I think agency leaders and owners are incredibly generous people. I’m always astonished at how you take care of your people, often to your own detriment. You give to them in ways that mean you get a little less. It’s just who you are. So as I thought about this week’s message, I decided I might be able to help you scratch your natural tendency to show your gratitude in this crazy season we find ourselves in. Odds are you’re pretty good at saying thank you directly to your people. But I’m going to suggest you try a different tactic. Identify one of your super stars and take a few minutes jotting down what they do that is so valuable to you. If you can, capture a story of something that really illustrates their talent and value to you. Now, take that story and write a letter of gratitude to their spouse, kids, parents or whoever you think would be most proud to hear it. Tell them how awesome your employee is and acknowledge the sacrifices (missed dinners, Mom out of town, etc.) the family has made to allow your employee to thrive. Thank them for their willingness to let your team mate give their best to the agency and your clients. If you want to — include a gift card so they can all celebrate how amazing your employee is to you and for them. Don’t tell your employee you’re going to send the letter. Let it be a surprise. I think you’ll be stunned at the impact your letter has — both short and long term. It’s a gift they will cherish for a long time, as will their family members. And honestly [...]
When business owners are brainstorming new ways to grow their revenue, they first jump to their prospective new client list. Prospective clients who become new clients of yours are great for building revenue, but I argue to look at your current clients instead. Most of your new revenue should come from your existing clients, approximately 60-70%. Here are a few reasons why: You’ve already earned their trust. They’re accustomed to sending you money every month or every quarter. You’ve already demonstrated how smart you are and how much value you are providing. You are embedded within business on some level, and you have an opportunity to show how you could grow their business. These four things will add up to become an easier and faster sale than seeking out new clients. One of your responsibilities as a business owner is to teach your Account Executives (AEs) how to grow their book of business. Think of every AE as a franchisee and yourself as the franchisor; this will help open their eyes to this growth process. AEs will start thinking of how to grow their book of business instead of just maintaining it so that all of your clients are happy and satisfied with your services as they currently are. Additionally, they will start to see that if they are growing your business with the clients they are currently managing, you will give that AE more accounts and clients to manage—which helps them in the long run. There will be some pushback at first, feeling overwhelmed with their current workload. Start by breaking down agency math for them, showing them how much of the agency’s revenue goes towards adjusted growth income (AGI)—the money the agency gets [...]
Remember the “good old days” right after the recession when incredibly talented employees were easy to find, quick to hire and grateful to have a steady paycheck? The upside to that story is that in 2020 the economy is stronger, the job market is much more stable and everyone is making more money. The downside is — the days of just having a job being enough are over. Today, agencies are in a battle to recruit and retain talent and I don’t see that changing any time soon. Some agencies have adopted a blended staffing strategy (a mix of employees and a consistent contract labor pool) to combat this challenge. Other agencies are investing heavily in professional development and growth opportunities for their team (The #1 reason why an agency employee chooses to take a job/stay at an agency according to our 2016 research) to keep their top talent. But there’s a new benefit that is emerging as a deal clincher. Many of our employees (at every age) are strapped with student loans so a Student Loan Reimbursement perk is music to their ears and bank accounts. I wrote a story about this for Forbes, including some best practices for getting the most out of offering the benefit. I’m curious — if you’ve cracked the recruiting and retention code — what do you believe makes the difference? This was originally published in the AMI newsletter. To subscribe, click here.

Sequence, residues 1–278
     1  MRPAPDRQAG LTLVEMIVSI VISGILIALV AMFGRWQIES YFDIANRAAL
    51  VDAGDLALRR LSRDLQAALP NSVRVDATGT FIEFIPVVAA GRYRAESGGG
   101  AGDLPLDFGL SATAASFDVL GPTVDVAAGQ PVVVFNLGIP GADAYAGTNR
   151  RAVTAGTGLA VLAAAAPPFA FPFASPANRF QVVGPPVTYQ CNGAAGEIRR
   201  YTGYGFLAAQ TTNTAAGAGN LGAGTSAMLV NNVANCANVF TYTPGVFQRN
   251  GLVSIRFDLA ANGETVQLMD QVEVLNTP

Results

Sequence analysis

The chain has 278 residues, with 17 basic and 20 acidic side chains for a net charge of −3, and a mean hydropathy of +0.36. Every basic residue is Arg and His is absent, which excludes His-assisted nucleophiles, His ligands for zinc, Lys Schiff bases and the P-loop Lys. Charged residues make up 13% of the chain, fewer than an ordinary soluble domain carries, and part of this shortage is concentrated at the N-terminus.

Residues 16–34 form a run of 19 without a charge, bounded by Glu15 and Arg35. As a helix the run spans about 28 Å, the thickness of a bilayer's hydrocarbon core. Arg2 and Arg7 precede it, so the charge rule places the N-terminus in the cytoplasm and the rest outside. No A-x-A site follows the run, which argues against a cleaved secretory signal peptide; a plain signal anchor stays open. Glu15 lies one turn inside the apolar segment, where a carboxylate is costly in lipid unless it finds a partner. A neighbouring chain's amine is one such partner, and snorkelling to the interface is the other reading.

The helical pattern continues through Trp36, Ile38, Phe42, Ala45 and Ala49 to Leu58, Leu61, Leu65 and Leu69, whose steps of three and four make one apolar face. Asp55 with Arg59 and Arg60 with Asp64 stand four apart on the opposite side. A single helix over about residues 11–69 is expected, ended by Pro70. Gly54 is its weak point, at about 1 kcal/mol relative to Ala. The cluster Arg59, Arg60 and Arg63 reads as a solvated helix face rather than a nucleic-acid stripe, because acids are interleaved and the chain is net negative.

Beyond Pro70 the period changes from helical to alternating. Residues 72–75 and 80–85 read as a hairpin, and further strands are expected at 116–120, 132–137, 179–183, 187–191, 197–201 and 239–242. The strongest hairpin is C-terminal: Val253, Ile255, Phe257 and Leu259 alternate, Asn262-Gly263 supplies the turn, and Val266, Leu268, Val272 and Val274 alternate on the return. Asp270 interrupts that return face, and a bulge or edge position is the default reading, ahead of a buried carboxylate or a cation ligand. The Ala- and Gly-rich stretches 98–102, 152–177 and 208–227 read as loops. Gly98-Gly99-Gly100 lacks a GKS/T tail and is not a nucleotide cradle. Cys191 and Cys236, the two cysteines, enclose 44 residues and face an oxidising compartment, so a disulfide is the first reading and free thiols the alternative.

Public speaking is something many people fear — even visionary CEOs. Tesla’s Elon Musk, for example, has publicly chastised himself for his lackluster performances. Even if you’re not Musk-level famous, public speaking is an essential skill. It could be argued that every time you speak, you’re doing so to influence opinion, inspire action or stir up a certain feeling. You’d better know how to present like a pro. If you’re a business owner, speaking might arguably be one of the most powerful tools in your arsenal. I realized this recently when I interviewed Michael Port, a best-selling author on the subject. He reminded me that great speeches have changed the world many times over—like Martin Luther King Jr.’s “I Have a Dream” speech. What most successful speakers like Port will tell you is that natural talent only takes you so far. The key is practice. Many of the best public speakers approach public speaking as a craft that can be honed through dedicated persistence. Use the following tactics to improve your skills, whether you’re giving a big presentation, pitching to a potential client or even having one-on-one conversations with your employees. Home in on your goal — Figure out why you are speaking and why your audience wants to listen. Are you educating, persuading, or simply connecting with them? Your goal will help you decide which tactics you will use to engage your audience. Rehearse, but wisely — Steve Jobs practiced his speeches thoroughly, and it paid off. His keynote addresses were legendary, even praised by rival Bill Gates. Rehearsing will make you feel more comfortable and more likely to achieve your objective. A good rule of thumb is to spend less time on low-stakes [...]